Created in 2009, the Rights! Camera! Action! film series features documentaries from the Full Frame Archive that focus on human rights related themes across the globe. The series provides an opportunity to connect the Rubenstein Library’s extensive holdings on human rights and social justice to the Duke and Durham community. Every year, there are four film screenings followed by panel discussions with Duke faculty or students, community activists and occasionally the film makers.
The Full Frame Archive, now part of the Archive of Documentary Arts at the Rubenstein Library, acquires and preserves all of the award-winning films from the Full Frame Documentary Film Festival going back to their first year in 1998 through 2011. A complete list of the films maintained in the archive can be found in the collection guide: http://library.duke.edu/rubenstein/findingaids/fullframe/.
2023 - 2024 Film Series
Through intimate stories of patients, families, and medical providers, BEDLAM is a feature-length documentary that immerses us in the national crisis surrounding care for people with severe mental illness. Filmed over five years, it brings us inside one of America’s busiest psychiatric emergency rooms, into jails where psychiatric patients are warehoused, and to the homes – and homeless encampments – of members of our communities with mental illness, where silence and shame often compound personal suffering.
Based on Francisco Goldman’s book and executive produced by Oscar-winner George Clooney and Grant Heslov, this film tells the story of the 1998 murder of Guatemalan human rights activist Bishop Juan Gerardi and the subsequent investigation by the church that uncovered a web of conspiracy and murder, entangling the upper echelons of the government.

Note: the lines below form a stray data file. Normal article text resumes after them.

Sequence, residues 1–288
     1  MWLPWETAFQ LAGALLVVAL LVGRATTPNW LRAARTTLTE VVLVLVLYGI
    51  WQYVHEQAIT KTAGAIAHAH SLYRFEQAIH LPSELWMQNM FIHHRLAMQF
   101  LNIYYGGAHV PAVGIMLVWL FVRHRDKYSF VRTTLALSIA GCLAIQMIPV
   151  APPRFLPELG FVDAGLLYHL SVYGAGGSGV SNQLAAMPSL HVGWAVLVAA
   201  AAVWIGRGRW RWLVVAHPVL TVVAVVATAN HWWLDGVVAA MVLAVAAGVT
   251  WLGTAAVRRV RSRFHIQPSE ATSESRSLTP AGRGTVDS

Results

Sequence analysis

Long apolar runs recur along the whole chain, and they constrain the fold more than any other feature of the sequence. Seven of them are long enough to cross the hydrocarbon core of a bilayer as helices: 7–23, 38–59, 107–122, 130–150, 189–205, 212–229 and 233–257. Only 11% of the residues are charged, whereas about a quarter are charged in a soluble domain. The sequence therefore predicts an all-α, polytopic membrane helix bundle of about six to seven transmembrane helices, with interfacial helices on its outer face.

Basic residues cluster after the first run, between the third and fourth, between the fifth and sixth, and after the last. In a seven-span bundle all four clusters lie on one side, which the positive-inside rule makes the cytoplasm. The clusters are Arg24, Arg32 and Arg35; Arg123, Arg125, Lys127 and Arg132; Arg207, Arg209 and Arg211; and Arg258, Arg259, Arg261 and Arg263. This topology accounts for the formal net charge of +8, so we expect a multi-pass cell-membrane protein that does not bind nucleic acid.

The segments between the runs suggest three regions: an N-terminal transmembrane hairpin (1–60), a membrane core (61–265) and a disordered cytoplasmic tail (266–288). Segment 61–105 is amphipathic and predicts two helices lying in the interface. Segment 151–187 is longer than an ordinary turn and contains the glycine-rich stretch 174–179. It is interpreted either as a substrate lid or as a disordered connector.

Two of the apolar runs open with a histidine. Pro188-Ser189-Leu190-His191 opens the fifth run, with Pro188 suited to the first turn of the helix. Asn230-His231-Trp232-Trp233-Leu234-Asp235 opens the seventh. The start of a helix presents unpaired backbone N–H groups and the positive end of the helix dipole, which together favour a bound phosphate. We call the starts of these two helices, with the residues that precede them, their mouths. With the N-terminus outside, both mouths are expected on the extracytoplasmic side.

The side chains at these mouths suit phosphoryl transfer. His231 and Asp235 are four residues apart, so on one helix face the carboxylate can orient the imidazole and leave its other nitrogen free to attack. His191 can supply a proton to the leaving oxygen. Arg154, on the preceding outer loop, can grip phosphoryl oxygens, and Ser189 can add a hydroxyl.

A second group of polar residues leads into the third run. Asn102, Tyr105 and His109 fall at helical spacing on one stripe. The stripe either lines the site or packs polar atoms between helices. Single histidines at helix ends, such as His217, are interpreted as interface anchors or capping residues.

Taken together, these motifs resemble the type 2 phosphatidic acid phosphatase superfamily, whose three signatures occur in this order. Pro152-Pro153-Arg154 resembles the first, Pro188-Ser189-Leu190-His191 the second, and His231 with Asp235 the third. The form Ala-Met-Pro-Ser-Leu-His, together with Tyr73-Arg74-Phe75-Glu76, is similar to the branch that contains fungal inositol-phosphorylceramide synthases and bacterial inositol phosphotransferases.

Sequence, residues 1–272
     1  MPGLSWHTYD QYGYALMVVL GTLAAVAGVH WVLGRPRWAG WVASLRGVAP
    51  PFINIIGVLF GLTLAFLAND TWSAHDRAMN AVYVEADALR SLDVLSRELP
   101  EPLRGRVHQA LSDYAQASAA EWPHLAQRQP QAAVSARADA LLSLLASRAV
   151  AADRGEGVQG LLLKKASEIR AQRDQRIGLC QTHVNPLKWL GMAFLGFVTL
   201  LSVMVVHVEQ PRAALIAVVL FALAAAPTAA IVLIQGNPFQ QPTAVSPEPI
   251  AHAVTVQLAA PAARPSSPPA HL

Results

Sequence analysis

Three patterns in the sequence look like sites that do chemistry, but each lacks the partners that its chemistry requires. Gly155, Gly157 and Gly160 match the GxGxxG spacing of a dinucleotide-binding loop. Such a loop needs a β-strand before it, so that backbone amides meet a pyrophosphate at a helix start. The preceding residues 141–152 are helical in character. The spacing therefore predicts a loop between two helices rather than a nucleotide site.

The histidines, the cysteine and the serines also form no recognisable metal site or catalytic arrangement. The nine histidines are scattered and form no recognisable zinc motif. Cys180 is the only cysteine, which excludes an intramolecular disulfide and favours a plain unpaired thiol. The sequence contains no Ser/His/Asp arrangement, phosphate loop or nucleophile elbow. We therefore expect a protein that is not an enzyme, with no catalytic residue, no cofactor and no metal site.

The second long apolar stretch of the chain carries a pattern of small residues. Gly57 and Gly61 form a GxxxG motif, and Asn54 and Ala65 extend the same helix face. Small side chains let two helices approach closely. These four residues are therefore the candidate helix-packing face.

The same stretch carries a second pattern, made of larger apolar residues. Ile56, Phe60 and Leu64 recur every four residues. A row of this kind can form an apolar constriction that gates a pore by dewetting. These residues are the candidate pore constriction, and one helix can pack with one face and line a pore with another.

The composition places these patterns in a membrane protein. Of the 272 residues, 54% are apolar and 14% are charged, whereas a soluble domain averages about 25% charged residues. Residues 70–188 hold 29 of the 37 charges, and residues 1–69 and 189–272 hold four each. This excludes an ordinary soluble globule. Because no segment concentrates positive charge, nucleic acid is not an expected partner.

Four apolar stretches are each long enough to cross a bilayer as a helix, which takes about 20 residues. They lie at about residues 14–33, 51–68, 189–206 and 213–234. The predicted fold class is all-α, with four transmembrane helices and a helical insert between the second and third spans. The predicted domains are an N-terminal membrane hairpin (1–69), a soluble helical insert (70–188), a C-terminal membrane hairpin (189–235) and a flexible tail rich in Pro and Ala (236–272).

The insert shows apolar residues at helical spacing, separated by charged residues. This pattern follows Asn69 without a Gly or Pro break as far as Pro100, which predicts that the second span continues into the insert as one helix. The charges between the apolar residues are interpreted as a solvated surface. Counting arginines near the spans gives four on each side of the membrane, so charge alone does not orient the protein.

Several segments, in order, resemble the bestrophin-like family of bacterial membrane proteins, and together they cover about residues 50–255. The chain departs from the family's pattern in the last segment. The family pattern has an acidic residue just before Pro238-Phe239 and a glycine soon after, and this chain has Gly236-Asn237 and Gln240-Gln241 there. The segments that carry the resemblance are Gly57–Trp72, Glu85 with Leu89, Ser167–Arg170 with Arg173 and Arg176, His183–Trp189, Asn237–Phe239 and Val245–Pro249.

Love Lived on Death Row tells the story of the four Syriani siblings whose father was sentenced to die for the murder of their mother in 1990, and Meg Eggleston, who became their father’s friend and spiritual advisor through letters to him in prison. Orphaned and estranged, the Syriani children raised themselves while they lived with hate, anger and confusion as the man they could only refer to as “Him Him” lived on death row. But in 2004 they collectively decided to visit him in prison, seeking answers so they could move on with their adult lives. What transpired that day was a miracle of forgiveness followed by a journey of healing, restoring family memories and then a battle for his clemency.
To see a list of documentary films from past years, visit our Rights! Camera! Action! Film Series Archive.